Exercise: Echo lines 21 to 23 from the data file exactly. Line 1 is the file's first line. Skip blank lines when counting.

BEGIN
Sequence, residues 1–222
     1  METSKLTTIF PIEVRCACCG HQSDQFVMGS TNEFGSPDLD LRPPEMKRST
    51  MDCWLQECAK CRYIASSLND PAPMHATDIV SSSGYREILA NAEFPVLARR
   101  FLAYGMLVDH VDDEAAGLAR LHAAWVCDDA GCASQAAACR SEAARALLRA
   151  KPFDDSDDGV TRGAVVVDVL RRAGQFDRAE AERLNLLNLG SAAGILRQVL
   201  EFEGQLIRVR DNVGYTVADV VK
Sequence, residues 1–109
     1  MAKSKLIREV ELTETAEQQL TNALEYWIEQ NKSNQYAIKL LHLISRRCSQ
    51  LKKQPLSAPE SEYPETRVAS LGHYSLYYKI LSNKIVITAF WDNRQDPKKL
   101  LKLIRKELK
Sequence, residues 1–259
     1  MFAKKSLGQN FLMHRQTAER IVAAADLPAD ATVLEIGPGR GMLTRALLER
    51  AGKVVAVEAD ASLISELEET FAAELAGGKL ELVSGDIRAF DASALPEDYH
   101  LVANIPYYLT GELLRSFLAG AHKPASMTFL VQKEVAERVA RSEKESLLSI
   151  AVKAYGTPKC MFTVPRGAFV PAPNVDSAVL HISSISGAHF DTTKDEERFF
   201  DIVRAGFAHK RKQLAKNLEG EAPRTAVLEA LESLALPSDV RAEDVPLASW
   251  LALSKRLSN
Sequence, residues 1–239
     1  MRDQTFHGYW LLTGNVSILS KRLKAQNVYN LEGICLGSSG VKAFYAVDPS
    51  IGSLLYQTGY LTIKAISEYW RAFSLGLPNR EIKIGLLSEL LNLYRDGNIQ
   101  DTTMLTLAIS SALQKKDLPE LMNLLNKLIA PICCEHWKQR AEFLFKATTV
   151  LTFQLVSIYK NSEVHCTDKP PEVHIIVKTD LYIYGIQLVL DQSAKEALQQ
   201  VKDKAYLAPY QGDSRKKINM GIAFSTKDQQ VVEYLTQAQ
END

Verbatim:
   101  DTTMLTLAIS SALQKKDLPE LMNLLNKLIA PICCEHWKQR AEFLFKATTV
   151  LTFQLVSIYK NSEVHCTDKP PEVHIIVKTD LYIYGIQLVL DQSAKEALQQ
   201  VKDKAYLAPY QGDSRKKINM GIAFSTKDQQ VVEYLTQAQ